Girl (Allison Lynch) throws her hands up in disgust at one of Guy’s (Daniel Kosub) suggestions. The production at the Chemainus Theatre is on until March 10. (Photo by Don Bodger)

Once cast brilliantly combines acting, musical talents

Chemainus Theatre Festival 2018 season opener tugs at the heart and instrument strings

Guy meets Girl. Guy and Girl develop an affection for one another. After that, well, it becomes complicated.

Once, on until March 10 at the Chemainus Theatre, opens the 2018 season with a musical of a different sort that also provides the audience with plenty of food for thought about relationships and aspirations.

Set in Dublin, Guy (Daniel Kosub) is an unlucky in love Irishman bemoaning the loss of his girlfriend who moved to New York City. Turns out Guy had written a bunch of songs for her that piques the interest in the songs and him by Girl, who recovers his guitar and its case after he inadvertently left it behind after performing in a local bar.

When Girl finds out Guy works in a vacuum repair shop, she informs him she has a Hoover that “doesn’t suck.” What also doesn’t suck is his music and Girl’s drawn to him, offering to play the piano for him to pay for the repair.

They immediately make beautiful music together and Guy’s queries to Girl are typically greeted with the same response. “I’m always serious,” she says. “I’m Czech.”

Along the way, we also meet an incredible array of other characters and musicians. It’s a mix of Irish and Czech cultures that proves very interesting.

Mark Weatherley is particularly humourous as Da/Billy. When his libido starts working overtime and there’s no shower available, the calming solution he offers is to “listen to Michael Buble.”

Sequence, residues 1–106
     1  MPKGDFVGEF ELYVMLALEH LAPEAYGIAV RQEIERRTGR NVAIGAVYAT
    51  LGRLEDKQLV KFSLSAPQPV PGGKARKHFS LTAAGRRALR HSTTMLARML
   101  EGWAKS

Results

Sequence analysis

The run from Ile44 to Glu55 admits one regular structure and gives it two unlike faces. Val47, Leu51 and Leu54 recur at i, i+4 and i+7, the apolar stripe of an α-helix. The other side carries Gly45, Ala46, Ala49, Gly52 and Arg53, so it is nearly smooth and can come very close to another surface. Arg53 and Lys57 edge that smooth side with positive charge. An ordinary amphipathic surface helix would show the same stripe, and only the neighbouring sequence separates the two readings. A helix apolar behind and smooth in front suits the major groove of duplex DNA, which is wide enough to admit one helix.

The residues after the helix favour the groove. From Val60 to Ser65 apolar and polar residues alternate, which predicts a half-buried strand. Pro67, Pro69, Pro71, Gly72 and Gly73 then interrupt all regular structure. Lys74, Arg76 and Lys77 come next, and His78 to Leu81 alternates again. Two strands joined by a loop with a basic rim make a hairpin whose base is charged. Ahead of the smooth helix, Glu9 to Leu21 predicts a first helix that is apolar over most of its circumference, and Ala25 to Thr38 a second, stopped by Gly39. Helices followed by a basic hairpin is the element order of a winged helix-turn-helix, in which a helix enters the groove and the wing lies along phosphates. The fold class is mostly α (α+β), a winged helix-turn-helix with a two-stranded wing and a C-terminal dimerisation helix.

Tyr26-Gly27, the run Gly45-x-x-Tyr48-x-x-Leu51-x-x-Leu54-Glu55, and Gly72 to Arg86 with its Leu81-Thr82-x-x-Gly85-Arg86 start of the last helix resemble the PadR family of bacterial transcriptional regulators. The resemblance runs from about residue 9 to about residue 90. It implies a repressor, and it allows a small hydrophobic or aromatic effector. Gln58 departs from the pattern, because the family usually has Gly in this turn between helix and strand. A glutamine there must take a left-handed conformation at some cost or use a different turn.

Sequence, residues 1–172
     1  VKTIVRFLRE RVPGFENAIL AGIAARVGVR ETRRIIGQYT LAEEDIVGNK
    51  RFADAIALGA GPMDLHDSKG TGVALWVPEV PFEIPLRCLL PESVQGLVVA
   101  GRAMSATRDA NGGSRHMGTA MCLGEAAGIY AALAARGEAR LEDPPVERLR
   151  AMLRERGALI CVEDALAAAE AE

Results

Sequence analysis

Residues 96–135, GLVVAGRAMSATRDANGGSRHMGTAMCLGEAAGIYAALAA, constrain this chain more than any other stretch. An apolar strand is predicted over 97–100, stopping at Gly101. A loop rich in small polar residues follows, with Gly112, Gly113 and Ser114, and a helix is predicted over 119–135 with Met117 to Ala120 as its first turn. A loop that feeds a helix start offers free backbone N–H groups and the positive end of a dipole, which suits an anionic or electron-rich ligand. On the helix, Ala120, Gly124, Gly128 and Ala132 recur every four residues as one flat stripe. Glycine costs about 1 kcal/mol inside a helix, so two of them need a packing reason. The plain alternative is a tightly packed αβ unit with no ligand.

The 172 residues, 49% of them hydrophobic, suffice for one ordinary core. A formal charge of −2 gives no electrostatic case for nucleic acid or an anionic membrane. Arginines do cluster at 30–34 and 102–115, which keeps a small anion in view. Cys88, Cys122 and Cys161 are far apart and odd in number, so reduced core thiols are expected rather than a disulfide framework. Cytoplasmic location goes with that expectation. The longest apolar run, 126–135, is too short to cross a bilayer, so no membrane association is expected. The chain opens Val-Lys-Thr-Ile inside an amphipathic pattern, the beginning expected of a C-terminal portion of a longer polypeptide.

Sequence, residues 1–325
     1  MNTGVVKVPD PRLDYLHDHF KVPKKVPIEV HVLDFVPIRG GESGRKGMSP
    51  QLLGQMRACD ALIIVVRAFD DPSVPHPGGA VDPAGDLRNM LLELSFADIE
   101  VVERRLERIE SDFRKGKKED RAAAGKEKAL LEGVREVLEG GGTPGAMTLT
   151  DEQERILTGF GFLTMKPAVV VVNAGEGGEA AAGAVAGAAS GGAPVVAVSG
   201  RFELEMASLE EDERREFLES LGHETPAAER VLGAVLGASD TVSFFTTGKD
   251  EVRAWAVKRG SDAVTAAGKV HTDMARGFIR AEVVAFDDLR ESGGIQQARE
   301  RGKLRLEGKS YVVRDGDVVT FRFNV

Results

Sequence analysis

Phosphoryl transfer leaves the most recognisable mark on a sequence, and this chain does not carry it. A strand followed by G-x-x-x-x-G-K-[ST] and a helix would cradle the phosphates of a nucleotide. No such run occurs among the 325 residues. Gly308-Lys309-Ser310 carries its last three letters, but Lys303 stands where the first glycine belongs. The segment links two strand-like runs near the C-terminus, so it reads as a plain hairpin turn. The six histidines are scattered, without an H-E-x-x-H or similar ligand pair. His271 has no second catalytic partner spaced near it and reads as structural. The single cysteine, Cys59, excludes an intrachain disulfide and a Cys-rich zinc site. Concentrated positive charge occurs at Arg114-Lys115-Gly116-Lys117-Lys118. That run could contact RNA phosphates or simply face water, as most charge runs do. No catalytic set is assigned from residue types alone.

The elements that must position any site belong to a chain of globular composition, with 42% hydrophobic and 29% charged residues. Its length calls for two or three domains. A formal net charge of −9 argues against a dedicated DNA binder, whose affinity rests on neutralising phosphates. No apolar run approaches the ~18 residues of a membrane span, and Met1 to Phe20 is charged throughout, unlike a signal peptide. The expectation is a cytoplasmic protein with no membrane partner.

Jon-Alex MacFarlane has played the bank manager many times in productions of Once and lends a hilarious singing voice to a scene where he approves a loan to allow Guy to take his music to New York.

Guy becomes known on the local music scene as “Hooverman” thanks to Girl’s influence.

The combined musical and acting talents of the entire cast is incredible. The variety of instruments used from guitars, violins and ukuleles to the drums, bass guitar, cello and more produces some wonderful arrangements.

You almost expect an entire River Dance performance to break out during the lively sequences.

The instrumentation and sound was crystal clear and precise. However, on opening night at least, it overpowered some of the singing voices and made it hard to hear all the lyrics, but hopefully that’s all been corrected already with some minor tweaking.

Falling Slowly, of course, is the star of the show as the Academy Award winning song from 2008. But the whole cast really shines during a rendition of The Moon, ironically without instruments and just the raw energy of their combined voices.

The relationship between Guy and Girl progresses to the point where they are both faced with a dilemma. Guy receives an enthusiastic response from his former girlfriend about going to New York and Girl is in the midst of patching things up with her husband, as much for the sake of her young daughter as anything else.

The music clearly binds Once together in a celebration of life, no matter what adversity is faced.

The floor-level set design is simple, yet effective, and allows each of the performers to step out into the limelight or slip into the background as supporting musicians.

Director Peter Jorgensen provides his expertise to a sixth production at the Chemainus Theatre and Kraig Waye’s role as music director is pivotal in accentuating the crucial elements of the story.

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